With cricket games and tournaments coming here, he said that will bring more people to Warsaw who will then know about the community.

Bhavirsetty said cricket is a very big sport in Asia and it’s growing in the United States.

“It’s very simple,” he said of the rules of the game. “It’s similar to baseball with a different set of rules, but it’s very easily understandable. A lot of people in Florida from the West Indies. ... It’s easy, it’s not tough,” he said.  

One group of performers Saturday was Ballet Folklorico dancers for Our Lady of Guadalupe.

Fabiola Nunez began the group in 2009 to educate families and audiences about Mexican history and culture, to strengthen national identity of Mexican Americans and to create a significant and permanent connection to their cultural heritage.

Their performance Saturday was from Jalisco, Mexico, and included the songs “El son de La Negra,” “Machetes” and “El Jarabe Tapatio.”

Right now, she said she only has eight students and most of her kids are first- to third-graders because after that the students usually get busier in other activities.

“I always get new students. This group that I have right now is from last year, so I’m going to get more new students this year for Our Lady of Guadalupe,” Nunez said.

A number of local companies had booths set up Saturday for the event. Four of the booths around the county courthouse represented four different resource groups from Zimmer Biomet, including Exhale, ABLE (African and Black Leadership for Excellence), ASIAN (Altogether Stronger and Inclusive Asian Network) and WIN (Women Inspired Network).

Cassandra Roberts, a quality office coordinator with Zimmer Biomet, explained that Exhale is an employee resource group for the LGBTQ+ community and their allies.

“So it’s just about making a safe and welcoming environment within the company and making connections and networking and just celebrating the diversity, equity and inclusion of our team members,” she said.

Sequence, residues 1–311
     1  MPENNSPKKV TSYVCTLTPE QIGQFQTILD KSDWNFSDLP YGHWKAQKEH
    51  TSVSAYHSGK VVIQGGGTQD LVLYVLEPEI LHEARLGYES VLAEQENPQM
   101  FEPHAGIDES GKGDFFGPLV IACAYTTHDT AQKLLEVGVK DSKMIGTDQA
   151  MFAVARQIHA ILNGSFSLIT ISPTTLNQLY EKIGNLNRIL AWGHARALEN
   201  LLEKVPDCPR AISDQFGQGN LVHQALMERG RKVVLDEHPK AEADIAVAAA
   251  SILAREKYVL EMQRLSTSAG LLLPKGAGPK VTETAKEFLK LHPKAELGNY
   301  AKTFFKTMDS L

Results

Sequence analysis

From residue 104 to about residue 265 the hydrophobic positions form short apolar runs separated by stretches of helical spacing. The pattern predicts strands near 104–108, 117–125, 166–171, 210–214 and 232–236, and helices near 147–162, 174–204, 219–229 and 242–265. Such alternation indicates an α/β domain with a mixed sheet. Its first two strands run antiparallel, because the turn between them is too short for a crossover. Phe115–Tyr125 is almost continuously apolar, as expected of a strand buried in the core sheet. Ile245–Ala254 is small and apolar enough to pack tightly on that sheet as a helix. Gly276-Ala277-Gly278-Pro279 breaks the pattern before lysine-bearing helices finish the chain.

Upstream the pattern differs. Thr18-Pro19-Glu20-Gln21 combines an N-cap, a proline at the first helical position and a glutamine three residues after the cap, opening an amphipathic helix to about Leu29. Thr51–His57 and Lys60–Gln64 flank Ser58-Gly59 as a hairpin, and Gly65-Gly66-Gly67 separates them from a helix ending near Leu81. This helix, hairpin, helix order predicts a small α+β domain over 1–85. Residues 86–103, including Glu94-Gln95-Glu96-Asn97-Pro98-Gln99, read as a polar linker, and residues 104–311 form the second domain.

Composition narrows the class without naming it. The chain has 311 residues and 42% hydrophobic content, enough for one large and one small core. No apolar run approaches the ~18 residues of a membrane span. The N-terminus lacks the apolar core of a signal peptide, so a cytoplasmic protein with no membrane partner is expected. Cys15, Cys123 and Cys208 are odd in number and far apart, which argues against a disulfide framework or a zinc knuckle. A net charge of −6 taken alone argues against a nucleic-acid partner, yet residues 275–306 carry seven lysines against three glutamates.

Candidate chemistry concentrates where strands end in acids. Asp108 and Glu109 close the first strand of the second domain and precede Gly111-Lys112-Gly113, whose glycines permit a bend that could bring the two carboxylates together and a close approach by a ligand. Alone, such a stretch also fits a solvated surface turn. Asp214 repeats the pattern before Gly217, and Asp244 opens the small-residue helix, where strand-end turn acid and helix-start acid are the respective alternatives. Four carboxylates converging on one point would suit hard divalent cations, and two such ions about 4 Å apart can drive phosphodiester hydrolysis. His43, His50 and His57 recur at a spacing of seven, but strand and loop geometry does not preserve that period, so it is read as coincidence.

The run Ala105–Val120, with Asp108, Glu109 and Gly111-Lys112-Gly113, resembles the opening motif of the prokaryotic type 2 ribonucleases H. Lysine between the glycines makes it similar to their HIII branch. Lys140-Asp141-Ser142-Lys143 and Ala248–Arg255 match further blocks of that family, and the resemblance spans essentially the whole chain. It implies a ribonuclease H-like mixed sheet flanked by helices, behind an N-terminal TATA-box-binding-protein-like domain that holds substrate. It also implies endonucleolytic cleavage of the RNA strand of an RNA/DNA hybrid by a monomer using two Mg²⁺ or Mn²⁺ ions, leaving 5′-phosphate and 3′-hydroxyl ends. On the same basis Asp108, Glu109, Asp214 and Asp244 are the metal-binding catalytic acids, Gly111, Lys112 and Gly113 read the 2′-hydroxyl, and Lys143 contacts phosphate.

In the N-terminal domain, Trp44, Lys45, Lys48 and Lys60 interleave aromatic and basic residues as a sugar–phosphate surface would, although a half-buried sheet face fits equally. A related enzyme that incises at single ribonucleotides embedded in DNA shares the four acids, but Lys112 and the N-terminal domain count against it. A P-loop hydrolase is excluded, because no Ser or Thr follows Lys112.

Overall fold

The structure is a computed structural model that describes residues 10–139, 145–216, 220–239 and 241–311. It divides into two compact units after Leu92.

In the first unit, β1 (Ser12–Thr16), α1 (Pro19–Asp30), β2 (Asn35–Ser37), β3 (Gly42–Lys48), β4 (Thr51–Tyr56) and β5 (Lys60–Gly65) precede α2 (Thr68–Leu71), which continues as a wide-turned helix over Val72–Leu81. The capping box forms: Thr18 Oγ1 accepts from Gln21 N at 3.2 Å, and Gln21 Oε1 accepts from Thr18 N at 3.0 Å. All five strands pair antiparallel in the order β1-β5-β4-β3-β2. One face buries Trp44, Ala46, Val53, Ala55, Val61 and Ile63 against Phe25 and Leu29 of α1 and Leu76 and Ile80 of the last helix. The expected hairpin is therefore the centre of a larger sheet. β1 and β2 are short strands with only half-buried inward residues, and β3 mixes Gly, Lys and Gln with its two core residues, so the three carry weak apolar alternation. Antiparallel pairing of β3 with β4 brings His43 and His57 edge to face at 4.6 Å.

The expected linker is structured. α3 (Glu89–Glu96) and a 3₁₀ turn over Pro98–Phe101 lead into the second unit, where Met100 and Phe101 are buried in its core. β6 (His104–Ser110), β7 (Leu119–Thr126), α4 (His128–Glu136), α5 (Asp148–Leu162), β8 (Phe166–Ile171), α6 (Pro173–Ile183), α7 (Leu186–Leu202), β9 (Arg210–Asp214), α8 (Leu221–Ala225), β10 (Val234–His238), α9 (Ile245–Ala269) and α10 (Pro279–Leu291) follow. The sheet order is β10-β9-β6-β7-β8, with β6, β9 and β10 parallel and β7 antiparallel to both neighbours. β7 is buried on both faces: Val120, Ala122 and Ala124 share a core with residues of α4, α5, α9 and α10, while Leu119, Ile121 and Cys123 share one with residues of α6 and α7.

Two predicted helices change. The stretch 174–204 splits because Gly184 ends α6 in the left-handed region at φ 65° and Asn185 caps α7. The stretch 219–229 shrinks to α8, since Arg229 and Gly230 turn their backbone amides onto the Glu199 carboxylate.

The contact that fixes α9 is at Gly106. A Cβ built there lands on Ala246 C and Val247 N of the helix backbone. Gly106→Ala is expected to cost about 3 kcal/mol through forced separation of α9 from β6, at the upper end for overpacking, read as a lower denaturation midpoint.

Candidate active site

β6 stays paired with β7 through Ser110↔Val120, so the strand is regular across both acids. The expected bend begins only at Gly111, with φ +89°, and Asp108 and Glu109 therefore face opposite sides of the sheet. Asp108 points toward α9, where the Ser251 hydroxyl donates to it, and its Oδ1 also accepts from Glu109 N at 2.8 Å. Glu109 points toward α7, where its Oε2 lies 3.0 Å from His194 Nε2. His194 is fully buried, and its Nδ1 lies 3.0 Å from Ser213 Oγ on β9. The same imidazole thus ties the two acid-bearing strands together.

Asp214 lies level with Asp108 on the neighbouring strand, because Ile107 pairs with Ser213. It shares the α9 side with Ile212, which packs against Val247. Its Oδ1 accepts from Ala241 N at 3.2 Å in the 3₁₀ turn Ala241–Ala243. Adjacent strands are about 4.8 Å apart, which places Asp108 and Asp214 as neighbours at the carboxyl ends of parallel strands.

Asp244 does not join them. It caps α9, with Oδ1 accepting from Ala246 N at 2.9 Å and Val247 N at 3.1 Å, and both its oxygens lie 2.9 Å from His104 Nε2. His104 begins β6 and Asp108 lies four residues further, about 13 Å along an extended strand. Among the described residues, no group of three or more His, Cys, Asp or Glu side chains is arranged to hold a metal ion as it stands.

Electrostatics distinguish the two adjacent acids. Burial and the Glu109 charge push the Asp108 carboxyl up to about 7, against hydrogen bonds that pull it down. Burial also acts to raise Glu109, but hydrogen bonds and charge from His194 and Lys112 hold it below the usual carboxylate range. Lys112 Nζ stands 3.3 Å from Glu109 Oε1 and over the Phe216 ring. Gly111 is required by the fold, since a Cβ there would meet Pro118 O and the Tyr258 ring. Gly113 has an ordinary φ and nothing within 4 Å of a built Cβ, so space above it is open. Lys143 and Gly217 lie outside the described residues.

She said it’ll be a year in June since Exhale was formed. “So it’s very new right now. We have 100 members. It’s global, across all ZB sites, so we’re working on different local chapters and getting ourselves out there more and connecting with people in the community,” Roberts said.

Exhale’s leadership team has weekly meetings with representatives from Madrid, Spain; Amsterdam; Columbia; Switzerland and “whoever can join.”

“We have a lot coming up, especially for Pride. We’re going to do global Pride stuff, so anything we can do to get ourselves out there,” Roberts said.

Carina Thunell, a development engineer with Zimmer Biomet, said ABLE is dedicated to promoting diversity and community engagement at Zimmer Biomet and externally.

“I’m on our Community Outreach and Communications subcommittees. So we do a lot of events like this for community outreach, or we’ll sponsor families for the holidays, or do back-to-school drives or give presentations at schools to let people know more about black history and just more about Zimmer Biomet and orthopaedics in general because there’s not a lot of minorities in the orthopaedic space right now. Part of that is just lack of knowledge so people can’t really get into careers they don’t know about. So we want to open up people’s ideas and experiences so they know they can be product managers, they can be development engineers, they can be sales rep, all in the orthopaedic space, if they want to,” Thunell said.